Neil Walker has been traded from the only team he's ever played for, but it didn't come as a surprise to him, as he knew his days as a Pittsburgh Pirate were numbered.
Walker, who was drafted in the first round of the 2004 amateur draft by the Pirates, was recently traded to the New York Mets in exchange for starter Jon Niese, a move that Walker knew would come after he and Pittsburgh's front office failed to agree on negotiations for a long-term contract.
According to the Pittsburgh Tribune-Review, the two parties' disagreement on the future began in 2010, when Walker reportedly rejected a multiyear deal, which served as a precursor to a handful of failed contract talks leading up to Walker's arbitration year last offseason.
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The Pirates reportedly offered Walker a three-year, $27-million contract prior to his arbitration hearing, but he and his camp believed he deserved more. The two sides never agreed on an extension, and Walker begrudgingly entered arbitration, where he received $8 million for 2015.
"The offer wasn't very realistic," Walker told the Tribune-Review. "And there was no negotiating in between. It was, 'Here it is.' When we countered, there was no response, so we went to the hearing."
"I just felt there some kind of justice due me," he added of the result of his arbitration hearing. "I don't want to come off as [having] any kind of huge ego here, but to play 12 years in the same organization, grind out six-plus years [in the majors] and go through arbitration three times ... I really didn't think what I was asking for was very unreasonable."
Following the hearing, Walker was well aware that the lack of cohesion between him and the Pirates' front office would make it virtually impossible he'd spent the remainder of his career playing for his hometown Pirates.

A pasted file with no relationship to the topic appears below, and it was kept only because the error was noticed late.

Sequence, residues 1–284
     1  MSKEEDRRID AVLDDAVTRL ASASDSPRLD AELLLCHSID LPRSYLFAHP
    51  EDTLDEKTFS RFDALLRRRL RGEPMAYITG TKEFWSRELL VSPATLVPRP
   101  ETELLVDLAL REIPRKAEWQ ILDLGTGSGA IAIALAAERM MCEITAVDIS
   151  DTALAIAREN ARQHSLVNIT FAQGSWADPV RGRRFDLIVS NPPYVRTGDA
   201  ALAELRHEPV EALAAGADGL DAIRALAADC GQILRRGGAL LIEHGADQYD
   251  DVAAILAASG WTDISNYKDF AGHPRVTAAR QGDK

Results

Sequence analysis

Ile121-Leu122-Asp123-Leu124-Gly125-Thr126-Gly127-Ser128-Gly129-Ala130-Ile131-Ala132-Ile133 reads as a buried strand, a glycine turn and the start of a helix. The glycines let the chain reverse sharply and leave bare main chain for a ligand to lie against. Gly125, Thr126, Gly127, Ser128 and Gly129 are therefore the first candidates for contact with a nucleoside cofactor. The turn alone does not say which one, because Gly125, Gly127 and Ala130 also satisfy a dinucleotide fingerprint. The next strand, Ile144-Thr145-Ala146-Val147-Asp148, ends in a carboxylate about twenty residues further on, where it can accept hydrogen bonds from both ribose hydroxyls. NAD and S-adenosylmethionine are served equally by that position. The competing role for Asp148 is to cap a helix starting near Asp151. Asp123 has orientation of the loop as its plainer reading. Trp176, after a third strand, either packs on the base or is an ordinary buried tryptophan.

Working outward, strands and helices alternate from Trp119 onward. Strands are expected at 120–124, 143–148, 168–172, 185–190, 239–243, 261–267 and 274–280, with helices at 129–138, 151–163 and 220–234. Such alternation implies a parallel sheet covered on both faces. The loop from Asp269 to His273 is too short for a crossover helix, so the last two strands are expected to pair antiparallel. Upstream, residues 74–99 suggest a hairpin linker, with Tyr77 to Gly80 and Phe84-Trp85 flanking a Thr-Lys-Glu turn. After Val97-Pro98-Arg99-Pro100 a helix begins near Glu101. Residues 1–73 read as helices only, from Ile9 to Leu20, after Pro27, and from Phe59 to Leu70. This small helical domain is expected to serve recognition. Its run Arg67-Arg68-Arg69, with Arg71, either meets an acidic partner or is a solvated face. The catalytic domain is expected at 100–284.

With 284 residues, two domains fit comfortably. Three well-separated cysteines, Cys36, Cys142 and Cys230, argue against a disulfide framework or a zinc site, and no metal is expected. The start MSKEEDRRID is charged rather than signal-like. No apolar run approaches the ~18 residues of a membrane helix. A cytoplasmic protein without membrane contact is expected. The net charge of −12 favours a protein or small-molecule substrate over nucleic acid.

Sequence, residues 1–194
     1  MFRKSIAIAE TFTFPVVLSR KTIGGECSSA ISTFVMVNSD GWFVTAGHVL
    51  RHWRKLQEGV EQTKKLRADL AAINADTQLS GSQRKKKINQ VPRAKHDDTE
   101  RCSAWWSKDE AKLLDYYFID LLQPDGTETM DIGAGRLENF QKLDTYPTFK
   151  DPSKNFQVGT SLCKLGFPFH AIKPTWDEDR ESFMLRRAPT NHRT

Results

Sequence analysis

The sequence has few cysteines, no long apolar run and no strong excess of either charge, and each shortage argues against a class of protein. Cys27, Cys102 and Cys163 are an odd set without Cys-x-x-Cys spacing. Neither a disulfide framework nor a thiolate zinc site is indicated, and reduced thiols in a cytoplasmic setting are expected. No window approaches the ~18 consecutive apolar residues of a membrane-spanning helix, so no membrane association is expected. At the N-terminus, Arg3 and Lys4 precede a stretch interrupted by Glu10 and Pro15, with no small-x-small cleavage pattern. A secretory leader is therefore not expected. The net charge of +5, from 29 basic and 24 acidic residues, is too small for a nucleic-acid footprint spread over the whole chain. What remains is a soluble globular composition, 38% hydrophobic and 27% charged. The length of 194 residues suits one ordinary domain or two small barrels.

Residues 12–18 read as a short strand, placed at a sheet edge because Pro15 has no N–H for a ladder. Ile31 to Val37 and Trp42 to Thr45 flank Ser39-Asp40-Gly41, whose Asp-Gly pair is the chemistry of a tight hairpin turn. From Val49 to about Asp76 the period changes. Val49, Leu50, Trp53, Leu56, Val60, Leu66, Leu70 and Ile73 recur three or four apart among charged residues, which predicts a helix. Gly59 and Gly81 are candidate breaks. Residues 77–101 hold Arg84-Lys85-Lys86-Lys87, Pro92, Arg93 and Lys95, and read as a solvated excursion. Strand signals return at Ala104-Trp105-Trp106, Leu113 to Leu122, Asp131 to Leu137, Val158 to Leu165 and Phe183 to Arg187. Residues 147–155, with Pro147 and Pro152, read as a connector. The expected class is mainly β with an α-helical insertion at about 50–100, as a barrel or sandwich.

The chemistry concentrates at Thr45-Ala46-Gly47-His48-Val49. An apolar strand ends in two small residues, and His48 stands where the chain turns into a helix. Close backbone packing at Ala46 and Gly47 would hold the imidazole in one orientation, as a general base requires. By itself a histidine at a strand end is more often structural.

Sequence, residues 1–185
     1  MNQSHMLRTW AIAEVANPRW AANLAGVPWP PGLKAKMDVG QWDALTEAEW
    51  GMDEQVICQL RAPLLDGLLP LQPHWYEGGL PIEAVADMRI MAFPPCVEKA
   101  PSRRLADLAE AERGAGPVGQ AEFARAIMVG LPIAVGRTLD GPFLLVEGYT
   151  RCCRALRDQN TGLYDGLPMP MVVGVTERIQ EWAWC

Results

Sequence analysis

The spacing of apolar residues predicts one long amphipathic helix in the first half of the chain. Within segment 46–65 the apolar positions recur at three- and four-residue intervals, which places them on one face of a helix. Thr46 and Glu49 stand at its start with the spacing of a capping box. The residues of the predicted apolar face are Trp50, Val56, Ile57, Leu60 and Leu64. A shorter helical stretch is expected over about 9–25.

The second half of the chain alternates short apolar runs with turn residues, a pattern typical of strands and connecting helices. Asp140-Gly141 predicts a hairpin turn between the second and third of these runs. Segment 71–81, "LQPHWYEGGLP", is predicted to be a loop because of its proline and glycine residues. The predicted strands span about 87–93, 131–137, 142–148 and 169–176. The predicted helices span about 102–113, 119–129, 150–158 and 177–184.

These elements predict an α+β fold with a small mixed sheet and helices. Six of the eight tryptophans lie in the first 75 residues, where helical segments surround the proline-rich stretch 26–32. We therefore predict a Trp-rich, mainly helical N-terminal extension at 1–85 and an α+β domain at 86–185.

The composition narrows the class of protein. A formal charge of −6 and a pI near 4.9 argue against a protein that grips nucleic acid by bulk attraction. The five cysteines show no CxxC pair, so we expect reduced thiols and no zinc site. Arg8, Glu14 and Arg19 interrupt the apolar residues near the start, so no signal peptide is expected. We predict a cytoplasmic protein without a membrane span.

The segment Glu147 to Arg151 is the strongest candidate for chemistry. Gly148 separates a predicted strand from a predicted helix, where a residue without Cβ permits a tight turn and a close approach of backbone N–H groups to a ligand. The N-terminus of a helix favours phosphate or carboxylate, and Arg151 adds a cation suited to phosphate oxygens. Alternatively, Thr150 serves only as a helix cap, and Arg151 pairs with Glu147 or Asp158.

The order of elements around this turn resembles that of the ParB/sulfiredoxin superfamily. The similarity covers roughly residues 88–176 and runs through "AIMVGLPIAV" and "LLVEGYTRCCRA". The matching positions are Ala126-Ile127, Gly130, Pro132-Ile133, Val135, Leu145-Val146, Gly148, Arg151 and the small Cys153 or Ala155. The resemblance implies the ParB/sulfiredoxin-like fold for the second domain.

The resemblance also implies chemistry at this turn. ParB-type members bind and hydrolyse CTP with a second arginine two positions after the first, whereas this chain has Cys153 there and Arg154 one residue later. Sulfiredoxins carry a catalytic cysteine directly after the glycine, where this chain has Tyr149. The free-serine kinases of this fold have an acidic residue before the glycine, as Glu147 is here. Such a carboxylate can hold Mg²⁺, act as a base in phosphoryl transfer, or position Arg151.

"That was probably the point when I lost all faith in the organization," Walker said.
In his six-plus seasons with the Pirates, Walker was a consistent force in the team's lineup, hitting .272/.338/.431 and averaging 18 home runs and 81 per 162 games.
After over a decade in the Pirates' organization, the second baseman is saddened to part ways with his longtime teammates, who have become like family to him.
"We've grown up together. We've seen the good, the bad and the ugly with our careers and our personal lives," the 30-year-old said. "You try to disassociate yourself from the situation and say this kind of stuff happens every year. But when you start to think about how you've played hundreds of games with the same shortstop, the same center fielder, the same third baseman ... it hits home pretty hard. There's always a chance for a reunion somewhere down the line, but it certainly stings now."